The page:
2Kernel mode NEON
   5TL;DR summary
   7* Use only NEON instructions, or VFP instructions that don't rely on support
   8  code
   9* Isolate your NEON code in a separate compilation unit, and compile it with
  10  '-march=armv7-a -mfpu=neon -mfloat-abi=softfp'
  11* Put kernel_neon_begin() and kernel_neon_end() calls around the calls into your
  12  NEON code
  13* Don't sleep in your NEON code, and be aware that it will be executed with
  14  preemption disabled
  19It is possible to use NEON instructions (and in some cases, VFP instructions) in
  20code that runs in kernel mode. However, for performance reasons, the NEON/VFP
  21register file is not preserved and restored at every context switch or taken
  22exception like the normal register file is, so some manual intervention is
  23required. Furthermore, special care is required for code that may sleep [i.e.,
  24may call schedule()], as NEON or VFP instructions will be executed in a
  25non-preemptible section for reasons outlined below.
  28Lazy preserve and restore
  30The NEON/VFP register file is managed using lazy preserve (on UP systems) and
  31lazy restore (on both SMP and UP systems). This means that the register file is
  32kept 'live', and is only preserved and restored when multiple tasks are
  33contending for the NEON/VFP unit (or, in the SMP case, when a task migrates to
  34another core). Lazy restore is implemented by disabling the NEON/VFP unit after
  35every context switch, resulting in a trap when subsequently a NEON/VFP
  36instruction is issued, allowing the kernel to step in and perform the restore if
  39Any use of the NEON/VFP unit in kernel mode should not interfere with this, so
  40it is required to do an 'eager' preserve of the NEON/VFP register file, and
  41enable the NEON/VFP unit explicitly so no exceptions are generated on first
  42subsequent use. This is handled by the function kernel_neon_begin(), which
  43should be called before any kernel mode NEON or VFP instructions are issued.
  44Likewise, the NEON/VFP unit should be disabled again after use to make sure user
  45mode will hit the lazy restore trap upon next use. This is handled by the
  46function kernel_neon_end().
  49Interruptions in kernel mode
  51For reasons of performance and simplicity, it was decided that there shall be no
  52preserve/restore mechanism for the kernel mode NEON/VFP register contents. This
  53implies that interruptions of a kernel mode NEON section can only be allowed if
  54they are guaranteed not to touch the NEON/VFP registers. For this reason, the
  55following rules and restrictions apply in the kernel:
  56* NEON/VFP code is not allowed in interrupt context;
  57* NEON/VFP code is not allowed to sleep;
  58* NEON/VFP code is executed with preemption disabled.
  60If latency is a concern, it is possible to put back to back calls to
  61kernel_neon_end() and kernel_neon_begin() in places in your code where none of
  62the NEON registers are live. (Additional calls to kernel_neon_begin() should be
  63reasonably cheap if no context switch occurred in the meantime)
  66VFP and support code
  68Earlier versions of VFP (prior to version 3) rely on software support for things
  69like IEEE-754 compliant underflow handling etc. When the VFP unit needs such
  70software assistance, it signals the kernel by raising an undefined instruction
  71exception. The kernel responds by inspecting the VFP control registers and the
  72current instruction and arguments, and emulates the instruction in software.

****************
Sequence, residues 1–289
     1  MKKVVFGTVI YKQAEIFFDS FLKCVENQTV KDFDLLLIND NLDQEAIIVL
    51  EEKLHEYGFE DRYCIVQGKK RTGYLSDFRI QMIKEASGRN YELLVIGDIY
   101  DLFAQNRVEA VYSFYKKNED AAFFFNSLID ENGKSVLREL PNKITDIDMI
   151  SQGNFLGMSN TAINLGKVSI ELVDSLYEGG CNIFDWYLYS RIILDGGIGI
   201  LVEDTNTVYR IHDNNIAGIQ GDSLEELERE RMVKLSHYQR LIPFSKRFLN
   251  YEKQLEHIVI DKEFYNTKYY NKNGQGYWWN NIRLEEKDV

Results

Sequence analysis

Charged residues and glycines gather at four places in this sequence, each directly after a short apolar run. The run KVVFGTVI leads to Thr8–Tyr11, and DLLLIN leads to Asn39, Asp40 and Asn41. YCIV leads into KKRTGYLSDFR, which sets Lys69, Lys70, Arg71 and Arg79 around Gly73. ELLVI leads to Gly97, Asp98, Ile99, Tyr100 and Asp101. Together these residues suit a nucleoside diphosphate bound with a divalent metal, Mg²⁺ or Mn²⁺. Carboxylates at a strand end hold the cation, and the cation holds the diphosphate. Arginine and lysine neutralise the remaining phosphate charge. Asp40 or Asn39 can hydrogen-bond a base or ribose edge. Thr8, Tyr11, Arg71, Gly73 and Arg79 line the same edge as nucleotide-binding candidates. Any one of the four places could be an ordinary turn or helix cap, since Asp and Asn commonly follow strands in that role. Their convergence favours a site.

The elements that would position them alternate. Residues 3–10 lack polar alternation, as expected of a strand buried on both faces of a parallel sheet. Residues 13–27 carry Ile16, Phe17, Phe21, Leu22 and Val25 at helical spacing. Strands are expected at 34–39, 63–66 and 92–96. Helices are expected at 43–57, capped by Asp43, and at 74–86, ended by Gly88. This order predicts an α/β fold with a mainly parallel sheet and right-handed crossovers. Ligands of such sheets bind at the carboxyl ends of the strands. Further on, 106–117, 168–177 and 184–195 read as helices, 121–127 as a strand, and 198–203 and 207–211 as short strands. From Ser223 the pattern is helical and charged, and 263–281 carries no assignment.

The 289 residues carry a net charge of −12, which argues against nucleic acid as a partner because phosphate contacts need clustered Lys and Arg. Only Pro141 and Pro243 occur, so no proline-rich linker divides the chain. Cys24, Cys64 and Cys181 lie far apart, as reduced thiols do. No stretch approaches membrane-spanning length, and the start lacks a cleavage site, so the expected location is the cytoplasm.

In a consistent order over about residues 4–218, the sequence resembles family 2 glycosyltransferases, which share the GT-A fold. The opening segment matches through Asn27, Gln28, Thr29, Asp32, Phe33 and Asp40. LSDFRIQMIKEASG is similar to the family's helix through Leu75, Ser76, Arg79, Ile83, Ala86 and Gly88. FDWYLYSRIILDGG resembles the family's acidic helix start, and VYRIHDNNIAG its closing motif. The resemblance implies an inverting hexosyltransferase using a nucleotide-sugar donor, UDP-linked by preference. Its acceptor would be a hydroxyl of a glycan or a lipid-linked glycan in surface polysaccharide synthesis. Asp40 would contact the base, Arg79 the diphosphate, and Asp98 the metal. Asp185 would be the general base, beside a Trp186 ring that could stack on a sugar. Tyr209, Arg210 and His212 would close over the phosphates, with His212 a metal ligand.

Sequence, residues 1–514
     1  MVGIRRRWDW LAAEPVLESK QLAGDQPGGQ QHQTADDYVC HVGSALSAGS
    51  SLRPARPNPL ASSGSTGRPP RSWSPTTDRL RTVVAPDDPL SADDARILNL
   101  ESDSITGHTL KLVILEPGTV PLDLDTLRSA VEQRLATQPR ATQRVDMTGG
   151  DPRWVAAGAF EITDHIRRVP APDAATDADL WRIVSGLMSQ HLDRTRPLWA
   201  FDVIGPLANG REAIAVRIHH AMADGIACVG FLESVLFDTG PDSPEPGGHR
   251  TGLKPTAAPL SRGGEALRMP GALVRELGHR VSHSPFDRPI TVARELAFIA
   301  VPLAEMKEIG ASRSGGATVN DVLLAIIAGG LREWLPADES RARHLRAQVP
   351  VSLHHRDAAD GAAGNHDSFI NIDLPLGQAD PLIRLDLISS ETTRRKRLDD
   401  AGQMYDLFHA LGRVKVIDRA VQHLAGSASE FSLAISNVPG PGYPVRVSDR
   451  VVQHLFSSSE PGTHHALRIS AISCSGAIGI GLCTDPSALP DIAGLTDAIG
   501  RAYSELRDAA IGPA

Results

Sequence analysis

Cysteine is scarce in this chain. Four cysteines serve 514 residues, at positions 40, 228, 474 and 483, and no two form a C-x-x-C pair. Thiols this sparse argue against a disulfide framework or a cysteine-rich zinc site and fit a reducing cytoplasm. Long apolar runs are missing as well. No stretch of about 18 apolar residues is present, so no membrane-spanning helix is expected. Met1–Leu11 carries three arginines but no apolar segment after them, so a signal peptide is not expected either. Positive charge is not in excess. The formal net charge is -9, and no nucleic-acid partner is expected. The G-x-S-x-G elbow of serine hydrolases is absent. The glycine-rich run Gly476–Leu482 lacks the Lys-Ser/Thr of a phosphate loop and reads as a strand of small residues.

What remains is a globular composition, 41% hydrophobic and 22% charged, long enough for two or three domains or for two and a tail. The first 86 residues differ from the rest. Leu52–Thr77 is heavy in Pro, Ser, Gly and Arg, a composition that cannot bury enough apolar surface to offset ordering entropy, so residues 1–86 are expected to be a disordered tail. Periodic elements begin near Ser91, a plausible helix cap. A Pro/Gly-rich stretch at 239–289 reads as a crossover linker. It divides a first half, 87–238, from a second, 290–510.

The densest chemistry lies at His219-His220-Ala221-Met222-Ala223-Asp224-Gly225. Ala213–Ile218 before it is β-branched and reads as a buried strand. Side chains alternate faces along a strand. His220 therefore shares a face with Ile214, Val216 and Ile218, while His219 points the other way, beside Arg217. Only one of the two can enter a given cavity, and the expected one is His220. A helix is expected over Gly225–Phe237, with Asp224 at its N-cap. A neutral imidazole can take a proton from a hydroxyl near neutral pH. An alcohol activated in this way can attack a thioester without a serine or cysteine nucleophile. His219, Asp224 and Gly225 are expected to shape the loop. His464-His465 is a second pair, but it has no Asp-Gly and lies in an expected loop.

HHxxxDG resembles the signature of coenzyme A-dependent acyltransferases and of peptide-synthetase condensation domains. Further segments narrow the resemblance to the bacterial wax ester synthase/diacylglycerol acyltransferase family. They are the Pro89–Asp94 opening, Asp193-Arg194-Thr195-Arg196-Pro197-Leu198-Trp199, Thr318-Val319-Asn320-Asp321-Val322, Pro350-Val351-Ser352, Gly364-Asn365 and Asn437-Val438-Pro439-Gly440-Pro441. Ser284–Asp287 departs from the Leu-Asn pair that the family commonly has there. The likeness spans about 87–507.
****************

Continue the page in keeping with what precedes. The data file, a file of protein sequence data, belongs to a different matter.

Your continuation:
74Such software assistance is currently not implemented for VFP instructions
  75executed in kernel mode. If such a condition is encountered, the kernel will
  76fail and generate an OOPS.
  79Separating NEON code from ordinary code
  81The compiler is not aware of the special significance of kernel_neon_begin() and
  82kernel_neon_end(), i.e., that it is only allowed to issue NEON/VFP instructions
  83between calls to these respective functions. Furthermore, GCC may generate NEON
  84instructions of its own at -O3 level if -mfpu=neon is selected, and even if the
  85kernel is currently compiled at -O2, future changes may result in NEON/VFP
  86instructions appearing in unexpected places if no special care is taken.
  88Therefore, the recommended and only supported way of using NEON/VFP in the
  89kernel is by adhering to the following rules:
  91* isolate the NEON code in a separate compilation unit and compile it with
  92  '-march=armv7-a -mfpu=neon -mfloat-abi=softfp';
  93* issue the calls to kernel_neon_begin(), kernel_neon_end() as well as the calls
  94  into the unit containing the NEON code from a compilation unit which is *not*
  95  built with the GCC flag '-mfpu=neon' set.
  97As the kernel is compiled with '-msoft-float', the above will guarantee that
  98both NEON and VFP instructions will only ever appear in designated compilation
  99units at any optimization level.
 102NEON assembler
 104NEON assembler is supported with no additional caveats as long as the rules
 105above are followed.
 108NEON code generated by GCC
 110The GCC option -ftree-vectorize (implied by -O3) tries to exploit implicit
 111parallelism, and generates NEON code from ordinary C source code. This is fully
 112supported as long as the rules above are followed.
 115NEON intrinsics
 117NEON intrinsics are also supported. However, as code using NEON intrinsics
 118relies on the GCC header <arm_neon.h>, (which #includes <stdint.h>), you should
 119observe the following in addition to the rules above:
 121* Compile the unit containing the NEON intrinsics with '-ffreestanding' so GCC
 122  uses its builtin version of <stdint.h> (this is a C99 header which the kernel
 123  does not supply);
 124* Include <arm_neon.h> last, or at least after <linux/types.h>